Storm damage after the tornado hit in Trevose, Pa., on July 29 during a
© TYGER WILLIAMS
Storm damage after the tornado hit in Trevose, Pa., on July 29 during a "rare" tornado outbreak.
The year-to-date annual tornado numbers are running below normal nationally, no thanks to what has been happening in Pennsylvania and New Jersey.

Both states already have well-exceeded their twister averages for an entire year, bumped up by the "rare" supercell outbreak of July 29 that included one with Tornado Alley-like 140 mph winds, and last week's Fred-related twisters, one of which traveled almost nine miles.

So far in 2021, 19 tornadoes have touched down on Pennsylvania soil, three above the 30-year annual normal and eight more than what would be the average total through August, according to the government's Storm Prediction Center.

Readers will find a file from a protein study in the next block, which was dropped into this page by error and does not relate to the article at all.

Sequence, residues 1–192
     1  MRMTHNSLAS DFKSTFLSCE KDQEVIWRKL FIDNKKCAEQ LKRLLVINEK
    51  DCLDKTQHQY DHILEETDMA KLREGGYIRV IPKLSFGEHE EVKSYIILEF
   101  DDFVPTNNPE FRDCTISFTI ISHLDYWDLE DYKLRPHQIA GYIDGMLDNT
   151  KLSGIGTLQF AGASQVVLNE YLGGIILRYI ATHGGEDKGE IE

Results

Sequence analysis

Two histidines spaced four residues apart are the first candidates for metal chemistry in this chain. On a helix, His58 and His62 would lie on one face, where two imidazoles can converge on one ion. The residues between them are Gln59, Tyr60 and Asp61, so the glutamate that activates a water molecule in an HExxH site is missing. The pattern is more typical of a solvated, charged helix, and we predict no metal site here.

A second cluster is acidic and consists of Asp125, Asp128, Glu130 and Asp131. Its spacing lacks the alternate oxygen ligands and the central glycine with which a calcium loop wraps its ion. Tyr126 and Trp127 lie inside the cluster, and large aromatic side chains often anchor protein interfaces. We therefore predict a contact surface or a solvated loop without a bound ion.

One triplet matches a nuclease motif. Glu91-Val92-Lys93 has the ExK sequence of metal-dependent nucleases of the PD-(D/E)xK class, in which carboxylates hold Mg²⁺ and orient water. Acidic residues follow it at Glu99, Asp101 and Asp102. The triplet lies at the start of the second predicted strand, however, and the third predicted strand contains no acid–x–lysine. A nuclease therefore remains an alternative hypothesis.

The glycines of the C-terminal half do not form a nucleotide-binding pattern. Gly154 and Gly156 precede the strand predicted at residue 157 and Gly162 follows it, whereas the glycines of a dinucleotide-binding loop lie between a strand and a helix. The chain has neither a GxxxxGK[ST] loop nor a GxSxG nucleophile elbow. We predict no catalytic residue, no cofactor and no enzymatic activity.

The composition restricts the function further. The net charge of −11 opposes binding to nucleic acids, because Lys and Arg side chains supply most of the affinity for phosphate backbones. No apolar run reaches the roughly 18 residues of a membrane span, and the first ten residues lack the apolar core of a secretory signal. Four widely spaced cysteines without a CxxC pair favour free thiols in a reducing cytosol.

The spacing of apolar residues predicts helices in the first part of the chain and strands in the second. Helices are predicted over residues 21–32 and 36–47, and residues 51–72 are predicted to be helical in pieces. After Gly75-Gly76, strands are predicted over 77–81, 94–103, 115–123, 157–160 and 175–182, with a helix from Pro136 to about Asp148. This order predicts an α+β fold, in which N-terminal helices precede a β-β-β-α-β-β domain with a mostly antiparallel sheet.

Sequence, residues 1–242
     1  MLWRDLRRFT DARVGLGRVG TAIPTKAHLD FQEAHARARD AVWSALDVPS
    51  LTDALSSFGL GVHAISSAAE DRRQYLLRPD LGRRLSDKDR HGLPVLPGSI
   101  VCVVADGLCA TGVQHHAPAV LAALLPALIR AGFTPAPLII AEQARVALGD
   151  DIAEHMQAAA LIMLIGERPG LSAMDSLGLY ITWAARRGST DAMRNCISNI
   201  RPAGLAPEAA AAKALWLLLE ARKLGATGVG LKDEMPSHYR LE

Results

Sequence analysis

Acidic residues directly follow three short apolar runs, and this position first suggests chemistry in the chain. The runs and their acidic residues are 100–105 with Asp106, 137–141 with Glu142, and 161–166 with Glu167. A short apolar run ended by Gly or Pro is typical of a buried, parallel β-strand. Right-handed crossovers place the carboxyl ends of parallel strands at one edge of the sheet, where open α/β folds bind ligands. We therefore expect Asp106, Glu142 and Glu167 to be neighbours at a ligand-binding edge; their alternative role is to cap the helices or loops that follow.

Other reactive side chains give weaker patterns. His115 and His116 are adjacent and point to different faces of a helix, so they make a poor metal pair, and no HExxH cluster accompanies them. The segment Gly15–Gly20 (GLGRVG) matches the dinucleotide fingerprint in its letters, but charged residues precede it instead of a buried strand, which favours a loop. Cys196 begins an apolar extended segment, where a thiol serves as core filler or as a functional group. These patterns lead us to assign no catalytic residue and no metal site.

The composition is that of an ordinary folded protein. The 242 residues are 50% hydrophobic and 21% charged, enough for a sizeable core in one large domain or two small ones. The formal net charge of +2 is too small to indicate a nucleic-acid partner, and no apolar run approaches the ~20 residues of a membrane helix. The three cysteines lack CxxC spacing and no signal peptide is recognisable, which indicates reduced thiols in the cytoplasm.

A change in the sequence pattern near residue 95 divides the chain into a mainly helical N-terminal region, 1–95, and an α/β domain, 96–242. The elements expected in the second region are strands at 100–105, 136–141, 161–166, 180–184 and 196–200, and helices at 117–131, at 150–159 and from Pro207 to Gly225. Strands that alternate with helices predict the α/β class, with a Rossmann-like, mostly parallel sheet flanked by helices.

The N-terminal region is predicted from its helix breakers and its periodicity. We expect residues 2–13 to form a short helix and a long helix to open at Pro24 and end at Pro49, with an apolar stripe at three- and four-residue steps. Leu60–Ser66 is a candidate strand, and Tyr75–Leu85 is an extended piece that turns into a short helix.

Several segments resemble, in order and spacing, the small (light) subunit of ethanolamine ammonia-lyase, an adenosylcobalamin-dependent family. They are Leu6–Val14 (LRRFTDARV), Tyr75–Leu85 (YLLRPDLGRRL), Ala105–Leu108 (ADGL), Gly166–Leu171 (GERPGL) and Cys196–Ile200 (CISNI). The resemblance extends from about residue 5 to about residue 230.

Typically, only one would have touched down in Jersey by the end of this month; so far, eight have, which is quadruple the annual average. Two others have visited Delaware.

In a comprehensive analysis and summary report posted this week, the National Weather Service Office in Mount Holly said that the July 29 event, which added 10 twisters to the three-state totals, was ignited by the complex interactions of upper-air and surface systems that created an "unusually favorable" environment for powerful thunderstorms.

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